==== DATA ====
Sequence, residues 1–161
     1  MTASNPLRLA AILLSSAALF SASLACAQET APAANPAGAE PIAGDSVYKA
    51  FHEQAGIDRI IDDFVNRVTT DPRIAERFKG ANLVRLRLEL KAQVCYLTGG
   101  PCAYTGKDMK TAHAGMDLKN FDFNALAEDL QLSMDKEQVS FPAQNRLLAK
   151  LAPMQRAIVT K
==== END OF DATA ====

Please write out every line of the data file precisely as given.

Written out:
Sequence, residues 1–161
     1  MTASNPLRLA AILLSSAALF SASLACAQET APAANPAGAE PIAGDSVYKA
    51  FHEQAGIDRI IDDFVNRVTT DPRIAERFKG ANLVRLRLEL KAQVCYLTGG
   101  PCAYTGKDMK TAHAGMDLKN FDFNALAEDL QLSMDKEQVS FPAQNRLLAK
   151  LAPMQRAIVT K